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Diane Foley visits Marquette as Distinguished Peacemaker, retells story of slain son

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Diane Foley visits Marquette as Distinguished Peacemaker, retells story of slain son

Diane Foley was honored as a Distinguished Peacemaker. She spoke at a keynote speech Nov. 7. 

Photo by Jack Ryan.

Diane Foley was honored as a Distinguished Peacemaker. She spoke at a keynote speech Nov. 7. Photo by Jack Ryan.

Diane Foley was honored as a Distinguished Peacemaker. She spoke at a keynote speech Nov. 7. Photo by Jack Ryan.

Diane Foley was honored as a Distinguished Peacemaker. She spoke at a keynote speech Nov. 7. Photo by Jack Ryan.

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“My hope really has just been to continue Jim’s legacy because Jim is the one who challenges me,” Diane Foley said. “He’s the one who really has found his voice and passion for social justice here at Marquette. I’m just merely trying to carry on some of what Jim would want to come out of his tragic murder.”

Diane, mother of Marquette alumnus and slain journalist James Foley, visited Marquette Nov. 5-9 for the Center for Peacemaking’s Distinguished Peacemaker series.

A small group of ISIS members murdered James Aug. 19, 2014. They captured him Thanksgiving Day in 2012 and detained him for the next two years in a block cell where they tortured him and other hostages from around the world. 

After James’ public death in ISIS’s “Message to America,” Diane started the James W. Foley Foundation, where advocacy for journalists’ education and protection are put together in a journalist safety guide. Diane goes to universities, cities and abroad to talk about the foundation and raise awareness of the risks journalists face.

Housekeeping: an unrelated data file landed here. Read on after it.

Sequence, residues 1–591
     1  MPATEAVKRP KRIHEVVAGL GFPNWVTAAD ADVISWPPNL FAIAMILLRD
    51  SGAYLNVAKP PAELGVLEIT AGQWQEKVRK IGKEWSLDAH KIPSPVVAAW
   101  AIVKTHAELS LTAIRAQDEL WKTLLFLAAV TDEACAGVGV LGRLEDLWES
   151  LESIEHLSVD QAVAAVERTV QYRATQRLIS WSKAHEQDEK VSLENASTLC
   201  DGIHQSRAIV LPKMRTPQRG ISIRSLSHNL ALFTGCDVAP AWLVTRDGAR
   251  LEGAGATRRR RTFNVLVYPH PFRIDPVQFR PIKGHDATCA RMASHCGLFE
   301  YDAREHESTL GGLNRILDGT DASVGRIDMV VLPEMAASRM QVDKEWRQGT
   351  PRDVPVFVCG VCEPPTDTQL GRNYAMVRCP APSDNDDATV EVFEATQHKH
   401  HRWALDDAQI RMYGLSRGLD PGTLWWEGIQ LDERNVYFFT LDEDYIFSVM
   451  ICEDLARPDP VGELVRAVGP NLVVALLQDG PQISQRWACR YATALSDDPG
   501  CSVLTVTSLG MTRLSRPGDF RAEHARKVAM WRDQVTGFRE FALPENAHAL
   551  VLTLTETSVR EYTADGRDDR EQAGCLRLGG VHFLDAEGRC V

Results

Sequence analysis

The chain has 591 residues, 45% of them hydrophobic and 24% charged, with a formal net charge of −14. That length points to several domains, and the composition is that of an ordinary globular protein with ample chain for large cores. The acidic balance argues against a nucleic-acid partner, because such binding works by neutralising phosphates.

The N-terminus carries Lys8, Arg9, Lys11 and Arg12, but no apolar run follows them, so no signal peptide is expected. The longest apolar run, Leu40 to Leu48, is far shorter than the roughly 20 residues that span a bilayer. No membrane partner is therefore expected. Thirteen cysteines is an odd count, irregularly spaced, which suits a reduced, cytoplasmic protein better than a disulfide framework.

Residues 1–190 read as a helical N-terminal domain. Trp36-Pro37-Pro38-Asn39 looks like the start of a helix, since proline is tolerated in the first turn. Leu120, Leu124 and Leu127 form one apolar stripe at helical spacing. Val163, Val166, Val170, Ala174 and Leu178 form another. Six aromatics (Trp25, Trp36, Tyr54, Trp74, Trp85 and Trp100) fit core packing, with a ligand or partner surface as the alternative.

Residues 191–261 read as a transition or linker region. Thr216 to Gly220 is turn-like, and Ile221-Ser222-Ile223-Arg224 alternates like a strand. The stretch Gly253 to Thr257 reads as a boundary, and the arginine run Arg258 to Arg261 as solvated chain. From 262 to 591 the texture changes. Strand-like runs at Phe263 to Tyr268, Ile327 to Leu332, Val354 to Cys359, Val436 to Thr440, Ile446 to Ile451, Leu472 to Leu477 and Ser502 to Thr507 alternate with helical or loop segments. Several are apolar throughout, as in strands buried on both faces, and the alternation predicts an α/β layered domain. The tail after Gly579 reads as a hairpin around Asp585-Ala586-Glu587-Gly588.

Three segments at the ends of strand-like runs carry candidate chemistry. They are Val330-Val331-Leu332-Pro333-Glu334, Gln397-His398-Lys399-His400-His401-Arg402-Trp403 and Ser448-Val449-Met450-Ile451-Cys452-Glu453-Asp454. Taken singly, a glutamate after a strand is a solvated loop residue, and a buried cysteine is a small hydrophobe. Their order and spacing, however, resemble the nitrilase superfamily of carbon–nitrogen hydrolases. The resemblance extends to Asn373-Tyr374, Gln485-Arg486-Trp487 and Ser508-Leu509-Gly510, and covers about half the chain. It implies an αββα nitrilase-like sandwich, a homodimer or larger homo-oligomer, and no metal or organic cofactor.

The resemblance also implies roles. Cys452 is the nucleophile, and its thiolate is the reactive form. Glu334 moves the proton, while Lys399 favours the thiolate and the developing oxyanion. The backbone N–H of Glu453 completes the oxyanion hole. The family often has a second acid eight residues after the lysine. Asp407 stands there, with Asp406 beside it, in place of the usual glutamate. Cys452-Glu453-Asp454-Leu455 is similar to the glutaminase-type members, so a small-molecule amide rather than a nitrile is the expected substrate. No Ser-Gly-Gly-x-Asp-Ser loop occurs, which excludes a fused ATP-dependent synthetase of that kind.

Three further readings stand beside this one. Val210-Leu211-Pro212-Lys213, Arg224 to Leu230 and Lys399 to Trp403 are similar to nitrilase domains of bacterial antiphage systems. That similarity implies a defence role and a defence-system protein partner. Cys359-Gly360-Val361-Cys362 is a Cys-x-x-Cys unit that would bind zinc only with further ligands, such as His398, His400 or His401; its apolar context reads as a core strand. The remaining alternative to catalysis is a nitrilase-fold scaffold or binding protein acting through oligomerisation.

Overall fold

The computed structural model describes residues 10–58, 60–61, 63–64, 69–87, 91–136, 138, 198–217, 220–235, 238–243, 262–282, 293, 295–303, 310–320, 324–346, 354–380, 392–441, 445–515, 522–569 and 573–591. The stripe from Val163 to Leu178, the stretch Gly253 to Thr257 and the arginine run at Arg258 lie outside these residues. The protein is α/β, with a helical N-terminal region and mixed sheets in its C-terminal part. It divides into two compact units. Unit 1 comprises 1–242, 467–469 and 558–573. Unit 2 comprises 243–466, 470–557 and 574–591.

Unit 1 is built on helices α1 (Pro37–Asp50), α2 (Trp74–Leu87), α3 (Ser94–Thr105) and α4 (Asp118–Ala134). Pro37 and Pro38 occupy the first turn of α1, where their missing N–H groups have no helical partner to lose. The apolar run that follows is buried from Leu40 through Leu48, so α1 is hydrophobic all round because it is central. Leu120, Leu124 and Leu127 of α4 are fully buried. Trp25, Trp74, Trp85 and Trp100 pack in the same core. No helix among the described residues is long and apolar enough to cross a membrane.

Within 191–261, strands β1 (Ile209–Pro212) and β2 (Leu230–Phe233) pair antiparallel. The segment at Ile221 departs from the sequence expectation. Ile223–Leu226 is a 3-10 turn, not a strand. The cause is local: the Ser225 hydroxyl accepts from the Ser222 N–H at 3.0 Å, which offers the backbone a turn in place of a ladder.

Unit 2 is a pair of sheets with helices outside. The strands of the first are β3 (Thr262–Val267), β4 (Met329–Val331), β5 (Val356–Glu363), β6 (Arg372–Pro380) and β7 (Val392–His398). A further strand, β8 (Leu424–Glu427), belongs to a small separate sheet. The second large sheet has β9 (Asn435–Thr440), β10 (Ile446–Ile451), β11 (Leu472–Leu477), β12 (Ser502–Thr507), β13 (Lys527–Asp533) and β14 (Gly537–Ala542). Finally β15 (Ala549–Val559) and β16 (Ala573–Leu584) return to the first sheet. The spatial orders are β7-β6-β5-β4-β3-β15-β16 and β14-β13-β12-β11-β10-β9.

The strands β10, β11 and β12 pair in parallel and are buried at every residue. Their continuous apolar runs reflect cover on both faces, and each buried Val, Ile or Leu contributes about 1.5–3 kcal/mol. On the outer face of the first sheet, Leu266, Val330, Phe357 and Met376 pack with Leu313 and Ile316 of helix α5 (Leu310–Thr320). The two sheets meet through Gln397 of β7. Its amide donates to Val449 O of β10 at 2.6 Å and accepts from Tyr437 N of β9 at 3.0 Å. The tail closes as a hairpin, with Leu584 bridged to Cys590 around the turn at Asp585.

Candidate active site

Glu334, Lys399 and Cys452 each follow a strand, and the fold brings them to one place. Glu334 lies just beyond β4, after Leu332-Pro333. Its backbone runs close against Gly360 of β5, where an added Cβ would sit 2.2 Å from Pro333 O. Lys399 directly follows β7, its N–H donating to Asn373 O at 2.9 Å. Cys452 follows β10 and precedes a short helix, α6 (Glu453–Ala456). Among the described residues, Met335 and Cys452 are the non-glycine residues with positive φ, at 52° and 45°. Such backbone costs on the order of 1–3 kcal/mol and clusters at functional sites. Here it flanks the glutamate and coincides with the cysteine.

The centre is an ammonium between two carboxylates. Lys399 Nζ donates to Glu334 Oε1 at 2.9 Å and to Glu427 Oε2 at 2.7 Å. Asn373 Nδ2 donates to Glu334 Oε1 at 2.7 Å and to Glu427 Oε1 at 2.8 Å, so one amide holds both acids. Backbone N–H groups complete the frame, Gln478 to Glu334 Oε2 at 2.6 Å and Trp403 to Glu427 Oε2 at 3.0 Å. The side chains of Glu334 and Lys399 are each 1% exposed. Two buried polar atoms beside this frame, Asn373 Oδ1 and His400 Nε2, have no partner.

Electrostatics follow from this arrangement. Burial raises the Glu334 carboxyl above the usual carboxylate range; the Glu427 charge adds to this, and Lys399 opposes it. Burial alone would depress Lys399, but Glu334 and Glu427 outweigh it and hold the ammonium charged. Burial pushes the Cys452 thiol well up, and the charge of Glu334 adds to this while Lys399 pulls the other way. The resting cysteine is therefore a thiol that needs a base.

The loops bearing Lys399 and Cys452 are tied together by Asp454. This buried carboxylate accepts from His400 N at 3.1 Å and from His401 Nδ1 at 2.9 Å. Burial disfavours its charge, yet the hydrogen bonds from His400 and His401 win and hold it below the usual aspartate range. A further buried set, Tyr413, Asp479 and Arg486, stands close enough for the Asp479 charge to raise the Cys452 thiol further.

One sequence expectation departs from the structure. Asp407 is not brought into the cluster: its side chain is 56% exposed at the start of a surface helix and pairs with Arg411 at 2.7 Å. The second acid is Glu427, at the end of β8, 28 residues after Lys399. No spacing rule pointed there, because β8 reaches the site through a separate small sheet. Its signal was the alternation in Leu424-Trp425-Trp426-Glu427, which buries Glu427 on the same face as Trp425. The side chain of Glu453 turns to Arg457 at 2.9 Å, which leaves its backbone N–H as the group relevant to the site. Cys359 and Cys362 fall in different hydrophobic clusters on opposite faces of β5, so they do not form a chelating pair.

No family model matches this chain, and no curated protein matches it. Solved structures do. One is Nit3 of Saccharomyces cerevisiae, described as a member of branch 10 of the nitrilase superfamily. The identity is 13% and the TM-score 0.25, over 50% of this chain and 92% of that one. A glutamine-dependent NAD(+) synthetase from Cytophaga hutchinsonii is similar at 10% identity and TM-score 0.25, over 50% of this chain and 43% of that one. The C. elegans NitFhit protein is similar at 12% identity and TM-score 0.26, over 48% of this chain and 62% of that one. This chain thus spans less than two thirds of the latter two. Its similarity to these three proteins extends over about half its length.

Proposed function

“To me, it’s a way to keep Jim alive, to keep his goodness, his hope. Jim just believed in the world. He believed that good people can make a difference,” Diane said. “It was something very beautiful that Jim had in his kind of unassuming, fun and loving way.”

Diane said her son was a character and a wonderful person who was fun to be around.

“The idea is we bring people that are doing things nationally or internationally that promote aspects of nonviolence that relate to the mission at the Center for Peacemaking,” Thomas Durkin, research and grant coordinator at the center, said. 

Durkin is also one of James’ closest friends. They met during their first week of freshman year in 1992.

“We crossed paths and started a conversation and became fast friends. I don’t want to count the years, but (we were friends) since the first week of freshman year on this campus,” Durkin said.

Durkin said the center reached out to Diane because of her work with the James W. Foley Foundation and the work it is doing for journalists’ safety in response to James’ death.  

When she tells James’ story, Diane said it is hard reliving what everyone went through.

“But the cool thing is that we get to share Jim’s hope for the future and his hope that even in the midst of awful things that happen, that something good can happen,” she said.